WASILLA — Wasilla resident Alicia Maddaloni recently joined the Elizabeth Dole Foundation’s 2019 class of Dole Caregiver Fellows, a group of U.S. military caregivers chosen to represent the foundation and their local caregiving communities.

Maddaloni said that she was thrilled by the news and has a lot she wants to accomplish.

“I am looking forward so much to getting started here in Alaska. We already had Dole Fellows in the past here but there are so many things that I want to do this time around,” Maddaloni said.

The Elizabeth Dole Foundation was founded in 2012. It’s a national advocacy group that strives to empower and support caregivers taking care of active military and veterans. Their efforts include raising public awareness, driving research, defending relevant policies, and collaborating entities big and small to improve the lives of caretakers and those their caring for.

Maddaloni represents Alaska out of more than 25 military caregivers across the U.S. who serve as ambassadors for the nation’s 5.5 million caregivers, according to a recent press release. These caregivers are spouses, friends, and family members; and combined, they’re investing over $14 billion in voluntary care for their injured and ill loved ones who served in the military.

Maddaloni will serve from 2019 to 2021, working alongside past and present Dole Fellows to advise the foundation, collation partners, local and federal government, and community leaders across Alaska. She will discuss the most pressing topics relevant to military caregivers working to make positive change for the “hidden heroes.”

“The Foundation is thrilled to welcome our seventh class of Dole Caregiver Fellows to join us in our mission,” Steve Schwab, CEO of the Elizabeth Dole Foundation stated in the press release. “Our Fellows come from different backgrounds but share the same story of strength and resilience in caring for their wounded warriors. They are the heart and soul of our Foundation, lending their experiences and wisdom to support our work on behalf of military caregivers nationwide. We are beyond grateful for their willingness to step forward as advocates for their fellow hidden heroes.”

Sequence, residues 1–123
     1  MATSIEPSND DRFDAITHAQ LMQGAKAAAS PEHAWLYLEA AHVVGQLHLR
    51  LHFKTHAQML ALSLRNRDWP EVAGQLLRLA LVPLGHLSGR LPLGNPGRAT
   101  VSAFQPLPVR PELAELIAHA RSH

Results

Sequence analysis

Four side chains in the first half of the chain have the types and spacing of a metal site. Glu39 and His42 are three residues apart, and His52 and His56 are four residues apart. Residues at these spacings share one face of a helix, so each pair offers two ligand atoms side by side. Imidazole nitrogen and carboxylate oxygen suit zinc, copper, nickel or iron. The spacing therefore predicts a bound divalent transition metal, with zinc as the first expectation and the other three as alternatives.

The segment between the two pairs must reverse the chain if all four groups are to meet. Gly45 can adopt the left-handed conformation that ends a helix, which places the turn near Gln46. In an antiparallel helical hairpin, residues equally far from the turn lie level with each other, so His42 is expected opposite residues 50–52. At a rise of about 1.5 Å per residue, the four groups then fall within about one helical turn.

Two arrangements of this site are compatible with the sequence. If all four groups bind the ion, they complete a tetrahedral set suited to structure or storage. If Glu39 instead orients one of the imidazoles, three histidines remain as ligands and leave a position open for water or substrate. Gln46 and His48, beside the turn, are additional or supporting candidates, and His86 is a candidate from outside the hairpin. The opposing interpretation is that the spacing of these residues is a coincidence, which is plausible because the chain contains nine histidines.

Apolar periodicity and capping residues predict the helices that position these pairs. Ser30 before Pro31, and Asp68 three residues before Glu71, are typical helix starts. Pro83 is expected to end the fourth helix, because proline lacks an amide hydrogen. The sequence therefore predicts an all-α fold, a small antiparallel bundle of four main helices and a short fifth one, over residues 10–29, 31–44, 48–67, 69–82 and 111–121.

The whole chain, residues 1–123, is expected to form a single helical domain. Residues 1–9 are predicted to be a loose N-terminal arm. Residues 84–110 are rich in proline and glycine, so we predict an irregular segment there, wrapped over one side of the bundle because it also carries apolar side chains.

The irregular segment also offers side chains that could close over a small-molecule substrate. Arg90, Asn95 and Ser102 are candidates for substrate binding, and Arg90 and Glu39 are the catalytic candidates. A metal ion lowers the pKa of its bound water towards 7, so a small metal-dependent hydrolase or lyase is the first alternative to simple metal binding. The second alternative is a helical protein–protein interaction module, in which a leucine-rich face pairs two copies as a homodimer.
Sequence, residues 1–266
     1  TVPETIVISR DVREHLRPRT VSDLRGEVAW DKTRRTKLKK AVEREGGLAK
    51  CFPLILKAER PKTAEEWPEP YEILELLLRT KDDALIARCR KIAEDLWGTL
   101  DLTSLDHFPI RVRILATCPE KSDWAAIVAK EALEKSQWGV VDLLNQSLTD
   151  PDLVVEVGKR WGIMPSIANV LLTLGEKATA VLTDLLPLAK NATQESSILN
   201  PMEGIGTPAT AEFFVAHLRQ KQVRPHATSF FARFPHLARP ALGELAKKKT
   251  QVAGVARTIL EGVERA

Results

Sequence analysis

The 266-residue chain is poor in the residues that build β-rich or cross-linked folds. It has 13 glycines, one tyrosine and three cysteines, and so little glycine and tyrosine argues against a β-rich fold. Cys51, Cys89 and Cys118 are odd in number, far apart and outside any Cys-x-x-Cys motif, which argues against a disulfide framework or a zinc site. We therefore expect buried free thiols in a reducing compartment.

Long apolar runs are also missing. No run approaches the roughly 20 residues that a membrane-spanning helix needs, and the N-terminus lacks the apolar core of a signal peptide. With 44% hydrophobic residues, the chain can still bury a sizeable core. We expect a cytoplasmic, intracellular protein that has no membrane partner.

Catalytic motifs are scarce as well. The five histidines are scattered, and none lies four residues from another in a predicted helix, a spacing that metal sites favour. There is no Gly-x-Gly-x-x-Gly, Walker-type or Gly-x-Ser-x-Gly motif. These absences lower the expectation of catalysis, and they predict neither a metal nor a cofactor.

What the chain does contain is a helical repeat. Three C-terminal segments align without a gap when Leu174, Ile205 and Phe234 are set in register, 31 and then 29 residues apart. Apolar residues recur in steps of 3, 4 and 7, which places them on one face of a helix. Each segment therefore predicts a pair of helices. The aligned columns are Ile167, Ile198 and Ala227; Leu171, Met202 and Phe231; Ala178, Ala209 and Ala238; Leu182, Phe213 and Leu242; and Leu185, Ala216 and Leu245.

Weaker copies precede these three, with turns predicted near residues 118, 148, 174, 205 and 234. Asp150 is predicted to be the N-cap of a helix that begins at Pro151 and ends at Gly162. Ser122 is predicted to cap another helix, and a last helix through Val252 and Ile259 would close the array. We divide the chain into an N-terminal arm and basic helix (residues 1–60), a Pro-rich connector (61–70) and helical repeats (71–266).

First and foremost, Maddaloni said she aims to spread awareness for the Foundation by doing resource fairs and local events. She’s striving to let caregivers across Alaska know who they are what they do.

She said that one of her major goals is to create a monthly coffee and/or lunch meetup so caregivers can come and talk amongst likeminded people in similar situations.

“I find that very therapeutic as a caregiver myself,” Maddaloni said.

It’s also a chance for her to connect caregivers to resources they may not have heard of before.

“Sometimes they just need a little help with those things,” Maddaloni said.

She plans to have a wellness summit for caregivers every six months with speaker presentations and activities like yoga- all centered on caregiver health and wellbeing.

The Elizabeth Dole Foundation has a program called Hidden Hero Cities, which currently has 124 cities and counties across the country participating to provide local military caregivers with resources.

Maddaloni said that she hopes to get the chance to sit down with Gov. Dunleavy to discuss adding Hidden Hero Cities, to Alaska since it currently has none.

The monthly meetups and wellness summits are both essentially designed to take care of the caregivers, offering stress relief and a sense of comradery. She said that self-care is absolutely vital for caretakers. This can be anything from a quiet bath to a meditation session. It can be weekly yoga or spending 10 minutes a day with a good book.

“Find something that is solely yours. That way you can replenish your energy levels… You can’t take care of anyone else if you can’t start taking care of yourself,” Maddaloni said.

Maddaloni is her husband Angelo’s caretaker. Angelo served in the U.S. Marine Corps and suffered a brain injury along with several other injuries including vision loss, cracked vertebrate, and four herniated discs. He uses a spinal cord stimulator to help him walk.

After his final deployment in 2008, Angelo needed a lot of help from his wife. She said that she instinctively started right away but didn’t notice how much was really going into this until 2010. That’s when she realized she was not just being a supportive spouse, but a full on caretaker.

On top of taking care of their three children, Maddaloni handles numerous responsibilities as a caretaker, from daily medication reminders to easing his bouts of anxiety.

“As a spouse, personally I love my husband so normally, I just fell right into a routine and didn’t even notice it or think about it,” Maddaloni said.

Every caretaker’s situation is different. Each person has their own unique needs. Maddaloni said that two of the most important things to keep in mind when becoming a caretaker are: patience and empathy, which play off each other.

She said it’s important to put one’s self in the “other person’s shoes” which will ground the person into a more calm understanding.

Her advice to new caretakers is this: “Just breathe.”

“They’re our nation’s heroes and we’re caring for them… I just believe they deserve the best they can get… it’s their turn to be taken care of,” Maddaloni said.

To connect learn more about the Elizabeth Dole Foundation and connect with Maddaloni, visit hiddenheroes.org to sign up.

Contact Mat-Su Valley Frontiersman reporter Jacob Mann at jacob.mann@frontiersman.com

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